Here is a quote from the Daily Camera today:

Even donations totaling $35 million weren't enough to keep the aquarium healthy. Townsend said maintenance costs are very high and it would be difficult to survive without some government aid. No! A salt-water aquarium the size of LoDo is expensive to maintain? What do you know now that you didn’t know then? If $35 million in donations have not been enough, what – precisely – was the business plan anyway? But Ocean Journey has no shame. The recession and impact of Sept. 11 also hurt efforts to increase revenue. The aquarium had hoped to make $21 million last year but took in only $11 million. Think about that. What was the basis for that hope anyway, and were they on track to achieve it before September 11? Did Ocean Journey think folks were going to fly to Denver to see them? Most of the nation could fly to aquariums at actual oceans for less. And, of course, as the Republican government now admits, there has been no recession worthy of the name. And it is highly unlikely that a fifty percent drop from their probably baseless expectation of income could reasonably be blamed on events in the last thirty percent of the year. Note the absence of comparisons to other years.

… the $15 admission price was not too high, and was in fact less than many aquariums charge. However, other institutions, like the Denver Zoo, can charge less because they receive public funding. There it is. It’s our fault. Ocean Journey was conceived, as so many so called art projects are, as something that superior people would feel was necessary to the commonweal and therefore support beyond the norm. Like virtually every art project business projection, it was deeply flawed, which is to say if it wasn’t filled with delusions or outright lies, the next thing to them. The hope was that the prospect of bankruptcy would be seen as an embarrassment that would need to be hidden by large government intervention. They guessed wrong, as these folks often do, but what galls me is that this same process of bogus claims of social or artistic need will inflame future government, although clearly not the people, in about five years for another project, probably a theater or conference center or the like, and it’ll fold in the same circumstances if we don’t remember and learn.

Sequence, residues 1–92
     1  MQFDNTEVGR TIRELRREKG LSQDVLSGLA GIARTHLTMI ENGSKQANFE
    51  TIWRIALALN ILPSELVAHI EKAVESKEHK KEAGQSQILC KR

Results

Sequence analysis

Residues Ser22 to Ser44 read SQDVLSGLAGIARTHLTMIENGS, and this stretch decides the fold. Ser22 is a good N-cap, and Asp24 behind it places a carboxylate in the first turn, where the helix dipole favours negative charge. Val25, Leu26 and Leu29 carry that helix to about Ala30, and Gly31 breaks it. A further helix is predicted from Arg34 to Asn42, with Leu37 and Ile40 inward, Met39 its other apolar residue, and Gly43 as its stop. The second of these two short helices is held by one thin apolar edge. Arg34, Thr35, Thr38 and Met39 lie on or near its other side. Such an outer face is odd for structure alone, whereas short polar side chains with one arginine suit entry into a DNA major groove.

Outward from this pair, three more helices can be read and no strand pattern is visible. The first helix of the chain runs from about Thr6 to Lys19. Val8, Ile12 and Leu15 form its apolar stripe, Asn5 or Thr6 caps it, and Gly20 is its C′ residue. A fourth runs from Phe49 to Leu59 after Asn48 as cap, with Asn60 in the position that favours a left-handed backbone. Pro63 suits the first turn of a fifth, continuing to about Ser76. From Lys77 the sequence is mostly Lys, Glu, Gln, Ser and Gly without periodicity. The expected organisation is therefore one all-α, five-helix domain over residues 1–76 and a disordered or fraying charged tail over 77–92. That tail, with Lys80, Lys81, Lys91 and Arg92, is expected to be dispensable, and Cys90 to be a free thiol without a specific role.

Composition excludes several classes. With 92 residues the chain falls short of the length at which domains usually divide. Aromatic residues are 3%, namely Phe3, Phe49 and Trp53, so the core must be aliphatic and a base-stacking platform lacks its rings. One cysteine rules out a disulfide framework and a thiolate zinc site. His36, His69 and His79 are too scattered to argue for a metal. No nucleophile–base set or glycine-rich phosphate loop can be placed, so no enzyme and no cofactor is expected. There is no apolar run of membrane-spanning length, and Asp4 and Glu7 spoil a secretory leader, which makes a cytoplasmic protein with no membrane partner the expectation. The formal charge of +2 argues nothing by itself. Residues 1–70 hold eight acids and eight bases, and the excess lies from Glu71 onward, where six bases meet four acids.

But we do not, and when the debate gets tiresome and might lead to Enron-like balancing of public statements against the facts that were known, and the seeming utilization of public money by deception which therefore might initiate criminal proceedings against people who can still hire, somehow, eminent attorneys and start a process that will cast a hero’s toga on no one, we simply choose to forget and move on. Just as we did with the Denver Center for the Performing Arts, which we were once assured would never cost the taxpayers a cent. As a society, we have Alzheimer’s, and when the screaming starts against phantoms like September 11, we allow opiates to do their work and wander away to other distractions, as my family did in Florida in the middle of the last century. They went to Marineland, which was then new, and for which there was a market. This is Dark Cloud.